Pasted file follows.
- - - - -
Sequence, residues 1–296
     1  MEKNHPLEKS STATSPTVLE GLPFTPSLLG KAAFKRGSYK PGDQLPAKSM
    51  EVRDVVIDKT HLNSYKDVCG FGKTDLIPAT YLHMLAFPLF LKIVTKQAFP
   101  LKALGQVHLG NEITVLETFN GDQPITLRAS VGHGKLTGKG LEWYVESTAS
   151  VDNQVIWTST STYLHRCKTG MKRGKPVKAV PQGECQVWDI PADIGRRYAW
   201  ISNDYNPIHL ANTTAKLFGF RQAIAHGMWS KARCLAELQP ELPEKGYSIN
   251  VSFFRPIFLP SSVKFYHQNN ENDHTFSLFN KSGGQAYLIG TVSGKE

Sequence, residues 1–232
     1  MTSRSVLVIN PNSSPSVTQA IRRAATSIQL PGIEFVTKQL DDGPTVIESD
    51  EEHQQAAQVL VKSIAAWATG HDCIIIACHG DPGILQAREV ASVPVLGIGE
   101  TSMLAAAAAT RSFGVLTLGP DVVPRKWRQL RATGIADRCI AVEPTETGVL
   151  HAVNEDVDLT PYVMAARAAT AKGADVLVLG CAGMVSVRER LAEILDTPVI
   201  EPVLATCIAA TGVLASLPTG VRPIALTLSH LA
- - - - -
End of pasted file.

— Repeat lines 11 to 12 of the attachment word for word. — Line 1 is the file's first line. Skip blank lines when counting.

   101  TSMLAAAAAT RSFGVLTLGP DVVPRKWRQL RATGIADRCI AVEPTETGVL
   151  HAVNEDVDLT PYVMAARAAT AKGADVLVLG CAGMVSVRER LAEILDTPVI